Beth Staley | Happy Dog Barkery, Downers Grove, IL

In 2011, pet baker Beth Staley introduced a new Thanksgiving special: turkey stew for dogs.

“We ended up selling 250 over just a couple of days. It took us by surprise,” she says.

Stews are now a bestseller at her Happy Dog Barkery, with more than 1,800 sold in January of this year alone. Staley makes three recipes at a time from an ever-growing menu, now at 25. Popular offerings include Heart of Hearts (chicken, zucchini, chicken liver and heart, carrot and pea) and Pork n Beans (pork, sweet potato, garbanzo bean, molasses, bacon and tomato sauce).

“It’s not a complete diet, more of a food topper or to entice dogs who aren’t eating well.”

Staley has always looked for ways to innovate as a pet baker and chef. In addition to custom cakes and other bakery items, she offers seasonal and cultural treats. Polish pet parents particularly appreciate her celebration of Pączki. The traditional day of eating special jelly-filled buns happens in March, and dogs get their own pączki filled with chicken, coconut, peanut butter or sweet potato. More than 1,300 sell over the three-day period they are available.

Bakery items, which include all of the above, make up 30 percent of overall sales, helping to spur “double-digit growth every single year,” Staley says.

HERBALIST TO THE PETS

Johnna Devereaux | Fetch RI, Richmond, RIL

Johnna Devereaux has been studying the healing properties of herbs for humans since she was 15 years old. After opening Fetch RI in 2014 and becoming a certified canine and feline nutritionist, it was only natural to begin incorporating herbs into her plans for pets.

“I’ve been blessed from my childhood with this passion, and now I’ve found a way to use it to help animals heal themselves and to increase my business,” Devereaux says. “I’m so grateful and appreciative.”

Now also a clinical pet nutritionist, she offers a variety of services and products for dogs and cats with health issues. In-depth nutritional assessments and recommendations involve consultation with the treating veterinarian, or Devereaux can simply look at recent test results and current medications. This costs $75 per hour, $35 per half-hour followup. She also dispenses advice and herbs outside of consultations for minor acute issues, such as suggesting marshmallow root for a dog with an intestinal tract inflamed by diarrhea.

Her go-to commercial herbal products are those from Animal Essentials. The company even creates custom extracts for the store. Devereaux also has an herb garden and apothecary at home.

“I’m sensitive to where herbs come from, whether or not there are heavy metals in the soil, so I grow my own. I make salves for wound care and paw protection, and hot spot remedies. I also formulate teas because I’m a huge advocate of adding water to a dog’s food, and it’s another way to deliver herbs.

“If we’ve interfered somehow and interrupted an animal’s system, I provide tools to help the body heal itself.”

PET SUSTAINABILITY PIONEERS

Julie Paez & Pennye Jones-Napier | The Big Bad Woof, Washington, DC

Pennye Jones-Napier and Julie Paez founded The Big Bad Woof in 2005. Since day one, they have helped to set the standard for sustainable pet stores in this country.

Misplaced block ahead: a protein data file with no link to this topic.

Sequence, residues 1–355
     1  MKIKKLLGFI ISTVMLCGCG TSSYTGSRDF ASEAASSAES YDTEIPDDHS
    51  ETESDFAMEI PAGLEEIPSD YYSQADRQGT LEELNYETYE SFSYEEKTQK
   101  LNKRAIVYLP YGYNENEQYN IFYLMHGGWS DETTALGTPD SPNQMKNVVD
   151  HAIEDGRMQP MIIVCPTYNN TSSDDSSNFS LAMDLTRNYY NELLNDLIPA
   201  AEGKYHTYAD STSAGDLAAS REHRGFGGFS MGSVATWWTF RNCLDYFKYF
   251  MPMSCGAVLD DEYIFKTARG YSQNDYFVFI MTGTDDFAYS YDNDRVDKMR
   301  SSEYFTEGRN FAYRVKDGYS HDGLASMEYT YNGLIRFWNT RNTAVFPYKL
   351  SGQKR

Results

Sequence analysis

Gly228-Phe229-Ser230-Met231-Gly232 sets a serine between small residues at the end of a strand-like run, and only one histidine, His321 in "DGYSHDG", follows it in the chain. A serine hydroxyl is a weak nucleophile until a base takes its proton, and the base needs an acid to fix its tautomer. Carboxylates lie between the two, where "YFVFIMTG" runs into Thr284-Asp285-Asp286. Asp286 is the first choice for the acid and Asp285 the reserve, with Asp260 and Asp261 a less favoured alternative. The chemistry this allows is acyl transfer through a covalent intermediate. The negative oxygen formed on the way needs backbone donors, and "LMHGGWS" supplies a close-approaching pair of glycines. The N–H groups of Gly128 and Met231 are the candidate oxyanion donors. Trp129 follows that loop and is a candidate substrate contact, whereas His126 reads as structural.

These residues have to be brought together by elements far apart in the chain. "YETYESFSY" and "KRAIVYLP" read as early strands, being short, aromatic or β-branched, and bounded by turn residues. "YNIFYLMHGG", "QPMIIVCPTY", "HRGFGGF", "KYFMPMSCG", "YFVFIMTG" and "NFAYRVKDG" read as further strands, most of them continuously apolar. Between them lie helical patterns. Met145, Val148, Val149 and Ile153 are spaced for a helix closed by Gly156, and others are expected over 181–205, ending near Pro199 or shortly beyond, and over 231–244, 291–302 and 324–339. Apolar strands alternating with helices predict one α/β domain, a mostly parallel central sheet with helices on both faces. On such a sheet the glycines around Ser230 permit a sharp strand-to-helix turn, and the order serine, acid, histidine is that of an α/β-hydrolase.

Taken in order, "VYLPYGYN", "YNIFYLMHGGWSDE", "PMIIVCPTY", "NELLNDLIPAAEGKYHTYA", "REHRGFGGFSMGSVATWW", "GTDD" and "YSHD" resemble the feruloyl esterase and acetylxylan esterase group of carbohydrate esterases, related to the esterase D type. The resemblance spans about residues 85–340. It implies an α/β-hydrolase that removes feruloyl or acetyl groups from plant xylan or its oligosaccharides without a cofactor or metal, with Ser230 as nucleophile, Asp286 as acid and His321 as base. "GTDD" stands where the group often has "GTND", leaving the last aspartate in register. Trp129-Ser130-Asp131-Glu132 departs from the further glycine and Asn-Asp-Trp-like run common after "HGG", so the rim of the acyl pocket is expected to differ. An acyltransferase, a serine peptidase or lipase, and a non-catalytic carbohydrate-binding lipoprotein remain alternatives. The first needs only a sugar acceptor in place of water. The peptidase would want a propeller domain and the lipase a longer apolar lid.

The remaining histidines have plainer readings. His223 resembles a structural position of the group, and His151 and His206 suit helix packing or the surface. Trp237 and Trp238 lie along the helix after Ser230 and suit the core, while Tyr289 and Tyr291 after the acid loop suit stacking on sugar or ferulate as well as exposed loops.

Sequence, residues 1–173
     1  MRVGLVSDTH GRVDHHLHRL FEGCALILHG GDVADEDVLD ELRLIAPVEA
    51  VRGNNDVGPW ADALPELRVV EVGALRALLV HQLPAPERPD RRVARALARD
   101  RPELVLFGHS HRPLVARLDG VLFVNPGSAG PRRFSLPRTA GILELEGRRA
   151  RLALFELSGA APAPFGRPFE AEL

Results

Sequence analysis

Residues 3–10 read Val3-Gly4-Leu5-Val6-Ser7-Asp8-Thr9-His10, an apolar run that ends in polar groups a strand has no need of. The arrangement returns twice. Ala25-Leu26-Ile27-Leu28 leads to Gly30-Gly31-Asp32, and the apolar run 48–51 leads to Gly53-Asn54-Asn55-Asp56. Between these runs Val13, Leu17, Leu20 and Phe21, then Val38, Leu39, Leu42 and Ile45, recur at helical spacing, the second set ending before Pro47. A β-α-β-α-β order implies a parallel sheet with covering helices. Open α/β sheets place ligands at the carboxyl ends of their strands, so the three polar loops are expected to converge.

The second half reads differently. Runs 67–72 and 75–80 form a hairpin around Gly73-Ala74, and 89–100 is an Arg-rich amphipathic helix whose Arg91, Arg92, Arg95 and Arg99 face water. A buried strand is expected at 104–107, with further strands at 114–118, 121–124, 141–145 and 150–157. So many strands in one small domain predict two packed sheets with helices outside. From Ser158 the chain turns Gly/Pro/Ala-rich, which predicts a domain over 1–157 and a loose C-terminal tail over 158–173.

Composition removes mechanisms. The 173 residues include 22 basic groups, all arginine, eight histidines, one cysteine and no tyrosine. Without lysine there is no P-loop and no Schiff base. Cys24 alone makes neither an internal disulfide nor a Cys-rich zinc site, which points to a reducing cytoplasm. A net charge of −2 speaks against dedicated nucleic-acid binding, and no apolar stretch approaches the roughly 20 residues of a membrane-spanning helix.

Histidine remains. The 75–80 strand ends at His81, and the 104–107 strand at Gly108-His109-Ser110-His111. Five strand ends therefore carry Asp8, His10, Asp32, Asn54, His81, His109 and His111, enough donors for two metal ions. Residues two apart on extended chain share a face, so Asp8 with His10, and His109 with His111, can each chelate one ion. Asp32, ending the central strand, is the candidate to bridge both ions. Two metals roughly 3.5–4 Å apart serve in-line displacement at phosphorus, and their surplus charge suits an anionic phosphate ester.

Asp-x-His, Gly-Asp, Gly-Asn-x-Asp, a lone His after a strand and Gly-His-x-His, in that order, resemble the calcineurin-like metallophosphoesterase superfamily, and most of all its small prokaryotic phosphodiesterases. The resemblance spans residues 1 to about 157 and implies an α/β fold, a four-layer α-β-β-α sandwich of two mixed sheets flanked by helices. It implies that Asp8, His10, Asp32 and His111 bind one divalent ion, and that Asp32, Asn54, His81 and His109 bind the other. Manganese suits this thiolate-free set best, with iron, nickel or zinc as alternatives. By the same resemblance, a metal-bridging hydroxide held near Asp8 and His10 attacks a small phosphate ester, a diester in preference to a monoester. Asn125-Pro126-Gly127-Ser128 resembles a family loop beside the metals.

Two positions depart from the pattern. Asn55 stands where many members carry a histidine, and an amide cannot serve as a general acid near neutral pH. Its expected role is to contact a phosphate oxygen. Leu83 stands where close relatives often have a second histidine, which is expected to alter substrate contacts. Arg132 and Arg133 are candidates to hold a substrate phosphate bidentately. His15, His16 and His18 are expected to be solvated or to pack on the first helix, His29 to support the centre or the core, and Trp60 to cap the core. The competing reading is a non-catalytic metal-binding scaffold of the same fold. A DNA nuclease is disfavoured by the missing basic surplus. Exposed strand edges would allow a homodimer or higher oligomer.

“We’ve always had a green business model, which encompasses everything from what we use for cleaning products to how our electricity is supplied,” Jones-Napier says. “This even flows into buying decisions, by looking at where a product is made, how it is packaged and how far it has to travel to get to our store.”

Among their sustainable achievements: The Big Bad Woof in Hyattsville, MD, was the first business to become a U.S. Benefit Corporation, in 2010. They closed that location in 2016 to reopen in Washington, DC, with D.C. Benefit Corp status.

The current store has 96 solar panels and two energy-efficient Big Ass Fans.

Staff reuses shipping materials and picks up styrofoam coolers and ice packs from area vet clinics to use for raw food delivery.

Bones and organ meats come from a local organic, non-GMO farm. Locally made Chippins treats use cricket as protein.

They joined the Mayor’s Office of the Clean City campaign. Free branded poop bags and holders are available at the store.

LEADER IN PET SERVICES SAFETY

Suzanne Locker | ABC Pet Resort & Spa, Willis, TX

In the early 2000s, doggie day care continued to grow in popularity. However, members of the American Boarding Kennels Association were not convinced it was without risk to the dogs.

As the service became more mainstream and seen as a viable play activity, the ABKA tasked member Suzanne Locker with updating existing accreditation standards to include day care best practices. The revised standards came out in 2006.

“We saw that we needed to be inclusive of all kinds of services,” Locker says. “We had an obligation to our staff, pets and pet parents to have safety procedures for overnight lodging as well as day care.”

During her time with the association, she also served on its board of directors and as president. Her pet resort continues to value safety certifications through the International Boarding & Pet Services Association, American Kennel Club and the Professional Animal Care Certification Council.

Locker also stresses their importance during her Pet Care Facility Management Boot Camp for those opening their first pet services facility.

Pamela Mitchell is the Editor-in-Chief of PETS+. She works from her home office in Houston, TX, with Ty the Boston Terrier as her assistant.